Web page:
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384 bytes added, 22:10, 19 September 2011
At normal atmospheric pressure oxygen melts at 54.36 [[Kelvin]] (K) and boils at 90.2 K; on Earth it essentially exists only as a gas. It readily dissolves in water, which makes aquatic life possible. Under normal conditions oxygen forms molecules consisting of two oxygen atoms each sharing two electrons in the 2p subshell; this form of oxygen is known as O<sub>2</sub>. O<sub>2</sub> is a pale blue odourless gas.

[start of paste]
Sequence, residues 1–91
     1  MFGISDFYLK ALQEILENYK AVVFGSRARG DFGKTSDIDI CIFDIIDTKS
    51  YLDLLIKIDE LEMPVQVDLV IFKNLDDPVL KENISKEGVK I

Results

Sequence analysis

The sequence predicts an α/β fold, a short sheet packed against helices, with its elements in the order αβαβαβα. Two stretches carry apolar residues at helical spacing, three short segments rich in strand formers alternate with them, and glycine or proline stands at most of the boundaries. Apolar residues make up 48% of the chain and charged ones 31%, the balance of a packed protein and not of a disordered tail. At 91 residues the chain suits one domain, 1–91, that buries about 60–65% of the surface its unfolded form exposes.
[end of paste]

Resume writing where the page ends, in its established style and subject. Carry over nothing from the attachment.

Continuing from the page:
There are three stable and 14 radioactive isotopes of oxygen. The stable isotopes are <sup>16</sup>O, <sup>17</sup>O and <sup>18</sup>O, with <sup>16O</sup> being by far the most common. Radioisotopes range from <sup>10</sup>O to <sup>26</sup>O, with the two most stable being <sup>15</sup>O and <sup>14</sup>O. This gives oxygen an atomic weight of slightly below 16.